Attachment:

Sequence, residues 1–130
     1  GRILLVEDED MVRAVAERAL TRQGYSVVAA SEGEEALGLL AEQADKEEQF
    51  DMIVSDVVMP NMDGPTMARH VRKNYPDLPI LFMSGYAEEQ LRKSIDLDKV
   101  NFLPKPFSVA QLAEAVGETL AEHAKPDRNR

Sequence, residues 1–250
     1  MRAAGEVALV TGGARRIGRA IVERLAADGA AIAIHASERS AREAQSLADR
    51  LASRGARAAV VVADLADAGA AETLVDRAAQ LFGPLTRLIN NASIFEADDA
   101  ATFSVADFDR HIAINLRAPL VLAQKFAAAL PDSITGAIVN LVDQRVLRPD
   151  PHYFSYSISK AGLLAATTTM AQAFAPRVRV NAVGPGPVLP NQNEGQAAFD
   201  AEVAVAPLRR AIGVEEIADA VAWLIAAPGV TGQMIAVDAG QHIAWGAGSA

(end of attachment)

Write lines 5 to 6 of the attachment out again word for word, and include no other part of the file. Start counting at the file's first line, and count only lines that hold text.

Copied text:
Sequence, residues 1–250
     1  MRAAGEVALV TGGARRIGRA IVERLAADGA AIAIHASERS AREAQSLADR